Back pain (BP) includes acute (less than 6 weeks), chronic (pain lasting more than 12 weeks), or neuropathic pain in the upper or lower back. BP is a leading contributor to disability and activity limitation and has been estimated to account for 37% of the global burden of musculoskeletal disorders (MSDs) . In addition, low back pain (LBP) remains the leading cause of years lived with disability (YLDs) among adults, accounting for 64.9 million YLDs . Although BP can be a self-limiting condition, the re-occurrence rate is high (approximately 60%) and individuals are likely to experience another episode within 3–6 months [2, 3]. Limitation of activities because of LBP may result in loss of productive work time, increased medical expenditure, and further entrenchment of low-income individuals in poverty [4, 5].
The most common risk factors for BP include demographic characteristics, personal health habits, psychological factors, occupational exposures, and other chronic comorbidities [4, 6–11]. Prior reviews have established heavy manual work, non-neutral work postures (bending and twisting, repetitive motions, and long working hours) as risk factors for BP among occupational populations [8, 9, 12, 13]. Biological sex and gender are also risk factors; females have a higher prevalence of LBP in the general population than men ([14–17]. A global burden of disease study found that the age-standardized prevalence of LBP is also higher among women than men .
The gendered difference in BP has been attributed to several occupational factors, such as differential exposures to work-related physical and physiological factors, male-oriented tool and workstation designs, and gendered variation in the perception of pain [11, 18–20]. Generally, women tend to be clustered in specific occupations with different pattern of employment and exposures from those of men . However, several occupational studies and reviews have shown that women-dominated jobs may be just as physically taxing as male-dominated jobs [11, 16, 17, 22–24]. Thus, women’s unique occupational exposures may place them at risk for MSDs, including BP .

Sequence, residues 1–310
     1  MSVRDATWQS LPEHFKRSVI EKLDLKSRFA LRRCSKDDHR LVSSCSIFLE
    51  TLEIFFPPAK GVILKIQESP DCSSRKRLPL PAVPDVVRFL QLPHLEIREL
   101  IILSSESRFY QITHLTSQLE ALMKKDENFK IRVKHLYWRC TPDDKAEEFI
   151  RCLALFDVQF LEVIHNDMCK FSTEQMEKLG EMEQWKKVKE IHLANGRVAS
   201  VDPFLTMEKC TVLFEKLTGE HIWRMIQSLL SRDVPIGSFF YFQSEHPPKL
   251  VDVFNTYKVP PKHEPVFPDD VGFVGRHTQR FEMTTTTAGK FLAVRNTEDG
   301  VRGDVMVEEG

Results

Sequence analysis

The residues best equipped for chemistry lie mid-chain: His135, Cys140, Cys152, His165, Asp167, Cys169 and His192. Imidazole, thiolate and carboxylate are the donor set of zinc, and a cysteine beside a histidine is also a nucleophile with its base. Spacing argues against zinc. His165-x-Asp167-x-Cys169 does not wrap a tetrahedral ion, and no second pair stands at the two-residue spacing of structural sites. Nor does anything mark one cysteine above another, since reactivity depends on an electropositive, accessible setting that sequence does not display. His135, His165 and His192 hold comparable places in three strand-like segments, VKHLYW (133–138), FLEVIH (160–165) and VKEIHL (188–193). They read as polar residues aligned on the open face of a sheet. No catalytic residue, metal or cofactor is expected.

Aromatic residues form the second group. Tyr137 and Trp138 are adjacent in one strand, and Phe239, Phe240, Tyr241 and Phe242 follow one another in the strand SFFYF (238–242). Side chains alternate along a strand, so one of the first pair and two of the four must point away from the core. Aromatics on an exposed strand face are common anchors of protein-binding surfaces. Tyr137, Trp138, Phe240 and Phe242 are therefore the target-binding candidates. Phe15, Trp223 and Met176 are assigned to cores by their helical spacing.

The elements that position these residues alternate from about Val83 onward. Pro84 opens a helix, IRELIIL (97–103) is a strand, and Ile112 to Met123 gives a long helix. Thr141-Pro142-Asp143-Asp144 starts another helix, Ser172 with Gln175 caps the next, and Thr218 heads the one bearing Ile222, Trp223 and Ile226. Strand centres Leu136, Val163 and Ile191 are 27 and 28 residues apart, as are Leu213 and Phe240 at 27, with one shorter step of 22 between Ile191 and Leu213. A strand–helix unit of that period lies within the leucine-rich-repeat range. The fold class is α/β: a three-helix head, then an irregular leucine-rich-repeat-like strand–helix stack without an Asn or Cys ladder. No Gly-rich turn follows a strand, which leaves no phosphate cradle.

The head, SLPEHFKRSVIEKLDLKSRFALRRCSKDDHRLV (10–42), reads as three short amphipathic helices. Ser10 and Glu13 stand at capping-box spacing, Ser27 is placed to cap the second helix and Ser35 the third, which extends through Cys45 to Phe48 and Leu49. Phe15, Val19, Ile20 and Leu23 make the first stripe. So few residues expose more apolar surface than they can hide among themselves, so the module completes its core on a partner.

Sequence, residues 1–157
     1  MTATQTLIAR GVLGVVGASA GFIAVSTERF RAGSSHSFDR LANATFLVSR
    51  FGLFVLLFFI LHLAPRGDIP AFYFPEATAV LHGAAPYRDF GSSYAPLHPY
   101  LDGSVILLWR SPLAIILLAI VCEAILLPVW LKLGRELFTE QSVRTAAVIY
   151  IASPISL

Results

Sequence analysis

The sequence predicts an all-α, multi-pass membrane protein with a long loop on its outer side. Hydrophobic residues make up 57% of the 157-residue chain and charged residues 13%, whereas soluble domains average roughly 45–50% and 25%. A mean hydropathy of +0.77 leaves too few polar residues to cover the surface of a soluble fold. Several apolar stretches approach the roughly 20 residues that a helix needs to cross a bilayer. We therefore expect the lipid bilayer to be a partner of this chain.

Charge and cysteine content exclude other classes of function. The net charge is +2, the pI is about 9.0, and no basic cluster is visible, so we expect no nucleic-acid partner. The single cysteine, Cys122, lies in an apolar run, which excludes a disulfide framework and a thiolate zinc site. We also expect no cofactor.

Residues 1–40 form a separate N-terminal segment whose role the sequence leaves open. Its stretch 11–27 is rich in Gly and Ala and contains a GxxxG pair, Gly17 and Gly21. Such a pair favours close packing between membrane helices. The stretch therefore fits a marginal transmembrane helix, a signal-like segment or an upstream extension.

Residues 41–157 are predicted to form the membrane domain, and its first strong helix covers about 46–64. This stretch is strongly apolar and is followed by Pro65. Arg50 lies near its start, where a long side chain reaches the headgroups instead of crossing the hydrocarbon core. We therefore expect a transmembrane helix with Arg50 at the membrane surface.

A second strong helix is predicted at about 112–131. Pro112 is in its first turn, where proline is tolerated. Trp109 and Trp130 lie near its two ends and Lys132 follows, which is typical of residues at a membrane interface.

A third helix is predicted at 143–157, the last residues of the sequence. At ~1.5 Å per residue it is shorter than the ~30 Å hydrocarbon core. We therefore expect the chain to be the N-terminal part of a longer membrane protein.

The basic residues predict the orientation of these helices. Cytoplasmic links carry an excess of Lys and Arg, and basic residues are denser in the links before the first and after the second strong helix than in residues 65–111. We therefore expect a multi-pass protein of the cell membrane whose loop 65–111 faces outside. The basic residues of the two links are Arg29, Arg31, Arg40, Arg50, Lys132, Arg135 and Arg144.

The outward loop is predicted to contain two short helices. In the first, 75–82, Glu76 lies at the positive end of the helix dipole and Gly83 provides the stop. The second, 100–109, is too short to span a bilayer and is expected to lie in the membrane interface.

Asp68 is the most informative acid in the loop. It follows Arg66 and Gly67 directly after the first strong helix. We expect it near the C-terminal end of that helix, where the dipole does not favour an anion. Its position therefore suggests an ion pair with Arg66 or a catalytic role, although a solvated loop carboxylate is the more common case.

Additionally, millions of women experience strenuous daily work conditions in low-waged or unpaid domestic labor, often in addition to a formal job. Women’s domestic labor, which involves tasks such as cleaning, cooking, water fetching, manual washing of clothes, and family care duties, may be as physically, emotionally and time demanding as structured paid work [25–29]. In some LMICs, women spend an average of 10 hours per day engaged in strenuous domestic task in awkward postures . Yet, few studies have examined the effects of the physical demands of domestic work (PDDW) on the musculoskeletal health of women. Social norms dictate domestic work as a woman’s duty in many low- and middle-income countries (LMICs). This may discourage spousal and familial involvement in domestic roles even while women increasingly participate in the paid workforce. The double-burden of exposure from paid and unpaid work is particularly problematic among low-income populations where there are limited social services to relieve burdens [28, 31, 32].
Few systematic reviews have assessed gender-specific relationships between PDDW and BP in the general population [33, 34]. Previous meta-analyses of the relationship between non-occupational physical activities (such as sporting, commuting and domestic physical activities) and BP combined results from different types of non-occupational physical activities and did not present stratified results from domestic work demands [33, 35]. Some of these reviews were also limited to studies published in English [33, 36].
Currently, no meta-analysis has assessed the association between PDDW and BP among women. This systematic review aims to fill this gap by examining the contribution of PDDW to the risk of BP among women. We included research studies that both defined domestic work exposures and presented female-specific effect estimates. We also conducted subgroup analysis by country type (high income countries versus LMICs) and definitions of exposure to explore how these issues influence the relationship between PDDW and BP.